Inbound vs. Outbound Customer Support: Definitions and Key Points for Success

customer support

Customer support is either inbound or outbound, depending on where it originates. In this article, we’ll look at the difference between both types and discuss key points to succeed at both.

Inbound Customer Support: Definition

Inbound customer support occurs when a consumer contacts the firm. The client may call support to resolve a query, place an order, or ask for any form of support. This form of service is reactive because it relies on client contact alone.

Firms need to handle such calls correctly. A client calling in with a support request may already feel frustrated. It doesn’t take long for that frustration to build into anger. Dealing with such calls requires a blend of patience and technical expertise.

In-house teams may have the product knowledge to answer queries, but lack the skills to defuse the situation. This has led to the increasing popularity of niche providers such as SupportYourApp. These service providers focus on delivering an outstanding client experience by training their employees.

Firms drawing on these providers’ skills can focus on building the business rather than handling messy support calls.

Outbound Customer Support: Definition

Outbound customer support occurs when a consultant contacts the client. The agent may call to follow up with a client, tell them about new products, or ensure customer success. Outbound service calls are seen as a proactive step.

In the past, outbound calls centered on sales. A more modern approach is to use the call to improve the client relationship. Instead of hard-selling, agents may, for example, teach the client about additional features that they don’t already know about.

Key Points for Success With Inbound Service

Inbound customer service functions optimally when clients have a single point of contact. A central call center that allows clients to ask questions about a product, place an order, and follow up on delivery is a prime example.

Agents in the call center should have both the product training and social skills to deal with the call. They must also know how to identify calls that require specialist assistance.

The primary advantage of having one contact center is that it’s convenient for the client. It’s also far easier for the firm to maintain control over service delivery.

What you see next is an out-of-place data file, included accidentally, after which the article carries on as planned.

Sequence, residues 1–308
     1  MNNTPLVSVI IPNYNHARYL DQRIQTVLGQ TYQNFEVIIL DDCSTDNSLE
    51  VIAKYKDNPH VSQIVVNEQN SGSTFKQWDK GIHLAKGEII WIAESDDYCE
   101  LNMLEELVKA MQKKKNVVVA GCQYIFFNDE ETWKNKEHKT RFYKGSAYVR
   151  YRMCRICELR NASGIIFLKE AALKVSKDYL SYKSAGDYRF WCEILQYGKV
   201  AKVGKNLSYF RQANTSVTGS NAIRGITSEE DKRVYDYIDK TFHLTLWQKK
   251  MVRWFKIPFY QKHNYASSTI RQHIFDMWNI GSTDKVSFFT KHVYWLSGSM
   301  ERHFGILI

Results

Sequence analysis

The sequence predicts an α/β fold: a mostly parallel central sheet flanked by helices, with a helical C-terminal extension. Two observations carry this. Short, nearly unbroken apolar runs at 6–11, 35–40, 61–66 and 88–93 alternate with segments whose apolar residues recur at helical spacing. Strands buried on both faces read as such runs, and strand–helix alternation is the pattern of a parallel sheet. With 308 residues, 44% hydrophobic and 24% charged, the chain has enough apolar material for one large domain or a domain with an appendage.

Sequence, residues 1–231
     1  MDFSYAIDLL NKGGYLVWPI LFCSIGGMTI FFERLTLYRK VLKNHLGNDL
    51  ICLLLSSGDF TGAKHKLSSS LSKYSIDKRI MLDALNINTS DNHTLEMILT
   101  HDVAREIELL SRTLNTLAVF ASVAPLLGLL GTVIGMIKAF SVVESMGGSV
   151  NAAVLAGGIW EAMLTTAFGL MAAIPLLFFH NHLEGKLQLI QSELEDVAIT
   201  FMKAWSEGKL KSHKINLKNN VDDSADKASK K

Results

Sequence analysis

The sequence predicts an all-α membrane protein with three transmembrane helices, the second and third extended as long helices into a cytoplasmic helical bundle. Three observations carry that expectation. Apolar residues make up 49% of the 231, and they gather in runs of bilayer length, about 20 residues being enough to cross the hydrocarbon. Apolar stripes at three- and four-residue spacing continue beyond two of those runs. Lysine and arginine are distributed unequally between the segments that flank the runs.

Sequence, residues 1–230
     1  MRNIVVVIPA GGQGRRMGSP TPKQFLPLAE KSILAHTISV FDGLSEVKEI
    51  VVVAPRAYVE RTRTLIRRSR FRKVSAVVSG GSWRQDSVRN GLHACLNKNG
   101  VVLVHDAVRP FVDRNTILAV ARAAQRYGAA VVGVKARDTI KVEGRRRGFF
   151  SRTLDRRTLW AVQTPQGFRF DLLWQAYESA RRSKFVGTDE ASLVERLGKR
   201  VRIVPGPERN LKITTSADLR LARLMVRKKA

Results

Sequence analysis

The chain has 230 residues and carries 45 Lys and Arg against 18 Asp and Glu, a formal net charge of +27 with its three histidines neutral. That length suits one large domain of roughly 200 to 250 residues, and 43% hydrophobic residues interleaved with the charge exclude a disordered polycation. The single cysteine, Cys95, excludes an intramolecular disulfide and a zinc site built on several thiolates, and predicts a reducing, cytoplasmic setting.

Service Standards

Firms should regularly monitor calls to ensure that agents are delivering the best possible service. They may additionally randomly contact clients to follow up with them. Most importantly, companies should aim to provide a consistent service standard.

Agents must answer calls quickly and deal with queries efficiently. Maintaining an in-house call center provides companies with maximum control, but it comes at a high cost. Firms must balance staff costs against adequately operating the lines. Striking a happy medium between peak and off-peak efficiency is tricky.

Outsourcing the call center to a BPO provider offers firms a more cost-efficient solution.

Customer Self-Help Facilities

Firms may also lighten the load by offering clients self-help facilities for simple tasks. While there’ll always be clients who require human support, many will appreciate these convenient alternatives. Self-service options also assist call centers by freeing them up to deal with more complex issues.

 Key Points for Success With Outbound Customer Service

Outbound service allows firms to improve the productivity of employees during off-peak periods. When handled correctly, the calls strengthen the client relationship. A simple welcome call, for example, makes the client feel more valued. Following up with a client about how well a product suited them is another way to improve the relationship.

The calls demonstrate that the company acknowledges that clients are valuable beyond a sale. In the race to build a client base, firms may overlook their existing customers. That’s an expensive mistake to make.

According to Accenture, client switching is increasing. Consumers are increasingly like to switch to a new provider after experiencing bad service. Of more concern, perhaps, are what Accenture deems “partial switchers.”

These clients continue to use one aspect of the company’s service but look to another provider for additional assistance. Such cases are typically due to a lack of knowledge about a company’s products and services, rather than poor service.

It’s a situation that’s easily rectified with good outbound service.

Final Notes

Understanding the difference between inbound and outbound service is essential in creating a holistic client experience. Firms that effectively manage the two are increasingly able to differentiate themselves through service excellence.

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